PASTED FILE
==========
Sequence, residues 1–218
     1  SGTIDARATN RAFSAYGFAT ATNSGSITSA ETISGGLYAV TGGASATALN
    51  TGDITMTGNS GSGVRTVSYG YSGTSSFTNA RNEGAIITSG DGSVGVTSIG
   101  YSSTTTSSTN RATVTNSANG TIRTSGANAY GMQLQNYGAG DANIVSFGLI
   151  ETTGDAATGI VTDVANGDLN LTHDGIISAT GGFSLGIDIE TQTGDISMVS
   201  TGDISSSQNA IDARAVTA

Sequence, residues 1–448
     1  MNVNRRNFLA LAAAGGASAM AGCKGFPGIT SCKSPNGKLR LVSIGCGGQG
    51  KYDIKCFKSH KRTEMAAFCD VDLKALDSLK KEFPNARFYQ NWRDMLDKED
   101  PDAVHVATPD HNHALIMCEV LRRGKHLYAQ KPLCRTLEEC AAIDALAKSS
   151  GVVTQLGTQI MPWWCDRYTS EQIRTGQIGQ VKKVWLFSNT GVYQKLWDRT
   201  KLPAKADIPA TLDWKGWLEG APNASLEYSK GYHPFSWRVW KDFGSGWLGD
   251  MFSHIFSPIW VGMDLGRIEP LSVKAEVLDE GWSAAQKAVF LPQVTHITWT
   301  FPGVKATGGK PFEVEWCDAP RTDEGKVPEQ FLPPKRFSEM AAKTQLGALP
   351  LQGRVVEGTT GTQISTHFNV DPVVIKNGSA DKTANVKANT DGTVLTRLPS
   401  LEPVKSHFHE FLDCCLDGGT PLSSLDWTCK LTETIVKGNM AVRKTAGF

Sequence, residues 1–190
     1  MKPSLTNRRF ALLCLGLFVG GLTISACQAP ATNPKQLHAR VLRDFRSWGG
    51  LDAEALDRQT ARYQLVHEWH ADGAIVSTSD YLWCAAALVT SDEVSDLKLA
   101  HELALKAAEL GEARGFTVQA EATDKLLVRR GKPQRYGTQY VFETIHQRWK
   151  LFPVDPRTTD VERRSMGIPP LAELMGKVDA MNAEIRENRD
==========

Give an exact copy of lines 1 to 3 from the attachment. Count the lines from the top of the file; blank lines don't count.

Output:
Sequence, residues 1–218
     1  SGTIDARATN RAFSAYGFAT ATNSGSITSA ETISGGLYAV TGGASATALN
    51  TGDITMTGNS GSGVRTVSYG YSGTSSFTNA RNEGAIITSG DGSVGVTSIG